All forms of diabetes increase the risk for heart disease, but people with type 2 diabetes — which is often accompanied by various cardiovascular risk factors such as high blood pressure, high cholesterol, elevated triglycerides, and obesity — are especially at risk. That is why an adult diagnosed with diabetes has the same high cardiac risk as someone who has already had a heart attack. But everyone with diabetes, regardless of type or when it was diagnosed, has reason for concern. Between 65% and 75% of people with diabetes can expect to die from some type of cardiovascular disease — a death rate that is two to four times that of people without diabetes. 

While experts don’t fully understand the causal relationship, it appears that the long−term elevated blood sugar and low−grade inflammation that results from other aspects of “impaired metabolism” that is seen in diabetes damage the coronary arteries, speeding the process of atherosclerosis. Heart attacks and other cardiovascular problems are not only more common in people with diabetes, but they occur earlier in life and are more likely to be fatal than in people without diabetes. 

So what do you do to protect yourself if you have diabetes? Like everyone at risk, it will be important for you to learn about and to practice a healthy lifestyle (see "Lifestyle changes to protect yourself"), control blood pressure, watch your weight, and keep cholesterol levels within normal limits (see sections that follow). Smoking is a double whammy. So if you do smoke, you know what you need to do. While none of this may be easy, there is no debating how important it is.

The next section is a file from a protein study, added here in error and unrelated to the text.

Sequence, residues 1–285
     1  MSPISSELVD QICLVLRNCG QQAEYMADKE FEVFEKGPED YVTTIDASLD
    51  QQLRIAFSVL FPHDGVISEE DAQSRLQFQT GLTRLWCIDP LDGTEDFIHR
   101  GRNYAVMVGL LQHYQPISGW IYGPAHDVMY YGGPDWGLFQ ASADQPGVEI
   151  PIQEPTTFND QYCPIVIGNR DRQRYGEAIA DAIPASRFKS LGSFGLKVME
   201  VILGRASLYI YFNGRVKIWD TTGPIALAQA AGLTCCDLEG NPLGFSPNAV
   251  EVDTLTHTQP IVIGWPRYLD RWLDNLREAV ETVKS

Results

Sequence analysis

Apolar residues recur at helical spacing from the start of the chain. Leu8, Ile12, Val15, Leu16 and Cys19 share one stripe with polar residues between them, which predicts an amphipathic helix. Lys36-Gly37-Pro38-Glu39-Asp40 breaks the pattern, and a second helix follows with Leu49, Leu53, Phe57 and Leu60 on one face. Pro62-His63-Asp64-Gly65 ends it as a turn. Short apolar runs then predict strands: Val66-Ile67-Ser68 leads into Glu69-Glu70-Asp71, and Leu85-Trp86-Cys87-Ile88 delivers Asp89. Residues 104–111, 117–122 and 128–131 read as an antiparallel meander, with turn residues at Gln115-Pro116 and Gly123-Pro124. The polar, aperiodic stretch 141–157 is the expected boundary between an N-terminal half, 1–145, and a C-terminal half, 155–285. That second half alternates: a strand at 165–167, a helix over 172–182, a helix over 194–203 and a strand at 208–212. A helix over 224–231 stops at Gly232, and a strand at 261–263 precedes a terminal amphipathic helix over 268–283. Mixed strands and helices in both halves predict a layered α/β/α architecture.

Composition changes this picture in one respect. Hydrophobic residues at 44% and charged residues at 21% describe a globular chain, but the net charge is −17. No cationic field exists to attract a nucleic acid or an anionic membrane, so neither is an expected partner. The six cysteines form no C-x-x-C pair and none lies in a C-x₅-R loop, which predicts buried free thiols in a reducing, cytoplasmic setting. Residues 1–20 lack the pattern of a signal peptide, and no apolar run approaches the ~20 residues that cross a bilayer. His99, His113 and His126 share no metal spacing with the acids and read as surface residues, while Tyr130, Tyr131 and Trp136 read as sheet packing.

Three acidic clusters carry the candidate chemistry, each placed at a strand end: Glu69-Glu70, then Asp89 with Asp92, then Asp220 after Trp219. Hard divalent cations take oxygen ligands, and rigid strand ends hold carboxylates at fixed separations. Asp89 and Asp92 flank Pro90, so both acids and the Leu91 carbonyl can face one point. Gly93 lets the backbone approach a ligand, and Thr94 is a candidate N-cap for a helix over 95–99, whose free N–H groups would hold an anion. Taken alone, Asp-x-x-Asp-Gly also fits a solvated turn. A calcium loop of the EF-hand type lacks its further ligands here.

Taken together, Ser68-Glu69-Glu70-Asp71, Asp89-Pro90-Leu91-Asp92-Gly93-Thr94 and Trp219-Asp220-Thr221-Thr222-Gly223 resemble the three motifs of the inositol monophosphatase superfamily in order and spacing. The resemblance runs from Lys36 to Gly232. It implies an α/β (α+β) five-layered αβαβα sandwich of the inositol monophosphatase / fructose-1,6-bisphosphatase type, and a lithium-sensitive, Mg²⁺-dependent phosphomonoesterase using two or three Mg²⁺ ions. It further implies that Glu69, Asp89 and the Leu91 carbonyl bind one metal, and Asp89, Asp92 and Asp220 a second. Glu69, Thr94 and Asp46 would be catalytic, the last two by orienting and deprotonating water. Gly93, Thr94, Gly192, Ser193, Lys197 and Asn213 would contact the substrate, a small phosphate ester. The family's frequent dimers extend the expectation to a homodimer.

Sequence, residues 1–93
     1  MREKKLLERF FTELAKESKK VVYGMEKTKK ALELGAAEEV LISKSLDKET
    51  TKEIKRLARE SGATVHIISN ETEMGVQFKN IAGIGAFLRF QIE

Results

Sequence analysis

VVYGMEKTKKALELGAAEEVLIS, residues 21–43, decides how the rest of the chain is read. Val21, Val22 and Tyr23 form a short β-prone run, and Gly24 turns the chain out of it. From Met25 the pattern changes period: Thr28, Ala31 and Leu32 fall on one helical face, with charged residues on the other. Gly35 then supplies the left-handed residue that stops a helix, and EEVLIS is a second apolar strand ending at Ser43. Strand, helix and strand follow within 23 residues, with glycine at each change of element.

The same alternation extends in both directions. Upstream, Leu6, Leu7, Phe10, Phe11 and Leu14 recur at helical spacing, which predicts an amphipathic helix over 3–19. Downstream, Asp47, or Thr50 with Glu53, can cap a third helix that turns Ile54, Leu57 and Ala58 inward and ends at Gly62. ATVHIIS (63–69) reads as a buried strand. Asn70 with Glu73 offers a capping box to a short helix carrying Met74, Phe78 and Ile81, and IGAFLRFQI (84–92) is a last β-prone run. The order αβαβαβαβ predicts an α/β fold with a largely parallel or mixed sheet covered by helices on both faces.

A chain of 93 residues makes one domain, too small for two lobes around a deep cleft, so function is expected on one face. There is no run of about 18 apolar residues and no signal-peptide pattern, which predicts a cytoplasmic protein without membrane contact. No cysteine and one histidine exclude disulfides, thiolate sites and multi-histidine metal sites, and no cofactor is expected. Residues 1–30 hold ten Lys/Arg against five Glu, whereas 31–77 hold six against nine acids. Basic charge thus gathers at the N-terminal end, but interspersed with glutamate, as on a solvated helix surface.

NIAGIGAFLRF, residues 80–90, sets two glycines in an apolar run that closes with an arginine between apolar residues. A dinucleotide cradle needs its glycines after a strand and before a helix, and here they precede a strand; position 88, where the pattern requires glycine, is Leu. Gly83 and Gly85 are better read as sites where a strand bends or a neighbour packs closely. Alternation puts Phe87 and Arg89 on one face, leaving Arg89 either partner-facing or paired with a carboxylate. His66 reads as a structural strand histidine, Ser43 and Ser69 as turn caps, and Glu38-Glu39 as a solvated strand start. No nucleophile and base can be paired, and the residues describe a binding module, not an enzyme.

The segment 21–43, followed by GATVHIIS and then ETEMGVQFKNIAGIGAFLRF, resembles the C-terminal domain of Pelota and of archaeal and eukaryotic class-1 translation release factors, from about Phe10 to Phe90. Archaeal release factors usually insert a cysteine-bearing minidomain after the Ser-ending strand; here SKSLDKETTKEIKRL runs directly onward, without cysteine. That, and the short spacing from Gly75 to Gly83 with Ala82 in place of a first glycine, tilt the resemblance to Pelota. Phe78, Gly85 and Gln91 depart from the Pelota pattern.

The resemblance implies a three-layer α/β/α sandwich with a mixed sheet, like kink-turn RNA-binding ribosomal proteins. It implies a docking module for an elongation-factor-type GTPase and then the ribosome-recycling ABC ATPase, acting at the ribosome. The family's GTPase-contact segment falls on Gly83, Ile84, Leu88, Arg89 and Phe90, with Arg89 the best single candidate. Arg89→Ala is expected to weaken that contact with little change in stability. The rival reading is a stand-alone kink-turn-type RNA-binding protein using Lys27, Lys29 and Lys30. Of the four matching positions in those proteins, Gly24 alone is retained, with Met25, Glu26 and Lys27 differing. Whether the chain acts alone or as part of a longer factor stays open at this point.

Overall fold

Lifestyle changes to protect yourself:

Nothing will offer you a greater chance to be spared from the ravaging consequences of diabetes than how you take care of yourself. Here, there are three major components. And while each could be addressed separately, the fact is, the work you need to do for each is complementary to the others. For instance, a healthy diet is critical. And, it is easier to make the “tougher choices,” e.g. to control urges, when you remain active and stay positive. Thus, taken together, you should think about what you put into your body, how you use your body and what is going on with your mind.